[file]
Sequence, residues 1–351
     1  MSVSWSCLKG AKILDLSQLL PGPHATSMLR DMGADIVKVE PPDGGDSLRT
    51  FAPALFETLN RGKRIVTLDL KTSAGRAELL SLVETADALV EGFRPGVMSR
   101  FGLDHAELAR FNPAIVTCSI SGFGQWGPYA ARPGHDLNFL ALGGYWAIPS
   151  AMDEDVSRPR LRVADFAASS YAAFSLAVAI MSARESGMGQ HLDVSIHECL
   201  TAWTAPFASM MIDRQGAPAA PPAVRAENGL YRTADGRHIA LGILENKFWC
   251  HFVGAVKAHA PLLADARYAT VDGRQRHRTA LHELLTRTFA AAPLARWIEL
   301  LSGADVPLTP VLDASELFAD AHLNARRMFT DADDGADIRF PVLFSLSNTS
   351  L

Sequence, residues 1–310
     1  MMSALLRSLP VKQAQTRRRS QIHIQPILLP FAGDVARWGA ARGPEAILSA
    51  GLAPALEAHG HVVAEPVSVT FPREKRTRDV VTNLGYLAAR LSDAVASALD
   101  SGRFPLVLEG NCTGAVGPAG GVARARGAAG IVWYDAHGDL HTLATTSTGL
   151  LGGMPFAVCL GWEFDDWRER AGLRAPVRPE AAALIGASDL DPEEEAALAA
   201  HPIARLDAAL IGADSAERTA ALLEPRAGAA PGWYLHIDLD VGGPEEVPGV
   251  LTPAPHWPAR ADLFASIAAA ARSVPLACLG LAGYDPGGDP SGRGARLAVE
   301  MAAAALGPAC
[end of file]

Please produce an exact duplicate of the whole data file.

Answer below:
Sequence, residues 1–351
     1  MSVSWSCLKG AKILDLSQLL PGPHATSMLR DMGADIVKVE PPDGGDSLRT
    51  FAPALFETLN RGKRIVTLDL KTSAGRAELL SLVETADALV EGFRPGVMSR
   101  FGLDHAELAR FNPAIVTCSI SGFGQWGPYA ARPGHDLNFL ALGGYWAIPS
   151  AMDEDVSRPR LRVADFAASS YAAFSLAVAI MSARESGMGQ HLDVSIHECL
   201  TAWTAPFASM MIDRQGAPAA PPAVRAENGL YRTADGRHIA LGILENKFWC
   251  HFVGAVKAHA PLLADARYAT VDGRQRHRTA LHELLTRTFA AAPLARWIEL
   301  LSGADVPLTP VLDASELFAD AHLNARRMFT DADDGADIRF PVLFSLSNTS
   351  L

Sequence, residues 1–310
     1  MMSALLRSLP VKQAQTRRRS QIHIQPILLP FAGDVARWGA ARGPEAILSA
    51  GLAPALEAHG HVVAEPVSVT FPREKRTRDV VTNLGYLAAR LSDAVASALD
   101  SGRFPLVLEG NCTGAVGPAG GVARARGAAG IVWYDAHGDL HTLATTSTGL
   151  LGGMPFAVCL GWEFDDWRER AGLRAPVRPE AAALIGASDL DPEEEAALAA
   201  HPIARLDAAL IGADSAERTA ALLEPRAGAA PGWYLHIDLD VGGPEEVPGV
   251  LTPAPHWPAR ADLFASIAAA ARSVPLACLG LAGYDPGGDP SGRGARLAVE
   301  MAAAALGPAC